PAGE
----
– Next, execute the sysctl command to enable the new settings in the configuration file:
sudo sysctl -p
– IP Masquerading can now be accomplished with a single iptables rule, which may differ slightly based on your network configuration:
sudo iptables -t nat -A POSTROUTING -s 192.168.0.0/16 -o ppp0 -j MASQUERADE
The above command assumes that your private address space is 192.168.0.0/16 and that your Internet-facing device is ppp0. The syntax is broken down as follows:
- -t nat — the rule is to go into the nat table
- -A POSTROUTING — the rule is to be appended (-A) to the POSTROUTING chain
- -s 192.168.0.0/16 — the rule applies to traffic originating from the specified address space
- -o ppp0 — the rule applies to traffic scheduled to be routed through the specified network device
- -j MASQUERADE — traffic matching this rule is to “jump” (-j) to the MASQUERADE target to be manipulated as described above
b) Also, each chain in the filter table (the default table, and where most or all packet filtering occurs) has a default policy of ACCEPT, but if you are creating a firewall in addition to a gateway device, you may have set the policies to DROP or REJECT, in which case your masqueraded traffic needs to be allowed through the FORWARD chain for the above rule to work:
sudo iptables -A FORWARD -s 192.168.0.0/16 -o ppp0 -j ACCEPT sudo iptables -A FORWARD -d 192.168.0.0/16 -m state --state ESTABLISHED,RELATED -i ppp0 -j ACCEPT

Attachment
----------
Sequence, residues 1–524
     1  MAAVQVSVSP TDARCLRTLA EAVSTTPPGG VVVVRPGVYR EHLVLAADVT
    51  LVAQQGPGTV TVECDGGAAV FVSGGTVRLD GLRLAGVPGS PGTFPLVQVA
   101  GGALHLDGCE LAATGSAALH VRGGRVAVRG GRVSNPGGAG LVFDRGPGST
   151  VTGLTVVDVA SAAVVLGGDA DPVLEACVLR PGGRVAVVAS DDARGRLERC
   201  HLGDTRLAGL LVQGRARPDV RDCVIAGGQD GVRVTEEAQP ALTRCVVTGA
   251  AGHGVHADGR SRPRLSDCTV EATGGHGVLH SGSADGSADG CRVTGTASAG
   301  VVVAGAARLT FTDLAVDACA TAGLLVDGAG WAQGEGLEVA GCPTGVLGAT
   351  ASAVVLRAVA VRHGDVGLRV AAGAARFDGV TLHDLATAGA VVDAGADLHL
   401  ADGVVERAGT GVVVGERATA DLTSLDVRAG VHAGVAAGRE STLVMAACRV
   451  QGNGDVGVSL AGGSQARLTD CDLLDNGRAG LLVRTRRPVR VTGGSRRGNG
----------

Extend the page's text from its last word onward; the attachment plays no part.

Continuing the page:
The above commands will allow all connections from your local network to the Internet and all traffic related to those connections to return to the machine that initiated them.
c) If you want masquerading to be enabled on reboot, which you probably do, edit /etc/rc.local and add any commands used above. For example add the first command with no filtering:
iptables -t nat -A POSTROUTING -s 192.168.0.0/16 -o ppp0 -j MASQUERADE
Firewall logs are essential for recognizing attacks, troubleshooting your firewall rules, and noticing unusual activity on your network. You must include logging rules in your firewall for them to be generated, though, and logging rules must come before any applicable terminating rule (a rule with a target that decides the fate of the packet, such as ACCEPT, DROP, or REJECT).
If you are using ufw, you can turn on logging by entering the following in a terminal:
sudo ufw logging on
To turn logging off in ufw, simply replace on with off in the above command.
If using iptables instead of ufw, enter:
sudo iptables -A INPUT -m state --state NEW -p tcp --dport 80 -j LOG --log-prefix "NEW_HTTP_CONN: "
A request on port 80 from the local machine, then, would generate a log in dmesg that looks like this:
[4304885.870000] NEW_HTTP_CONN: IN=lo OUT= MAC=00:00:00:00:00:00:00:00:00:00:00:00:08:00 SRC=127.0.0.1 DST=127.0.0.1 LEN=60 TOS=0x00 PREC=0x00 TTL=64 ID=58288 DF PROTO=TCP SPT=53981 DPT=80 WINDOW=32767 RES=0x00 SYN URGP=0
The above log will also appear in /var/log/messages, /var/log/syslog, and /var/log/kern.log. This behavior can be modified by editing /etc/syslog.conf appropriately or by installing and configuring ulogd and using the ULOG target instead of LOG. The ulogd daemon is a userspace server that listens for logging instructions from the kernel specifically for firewalls, and can log to any file you like, or even to a PostgreSQL or MySQL database. Making sense of your firewall logs can be simplified by using a log analyzing tool such as fwanalog, fwlogwatch, or lire.
NOTE: Documentation for this article is taken from https://help.ubuntu.com/8.04/serverguide/C/firewall.html.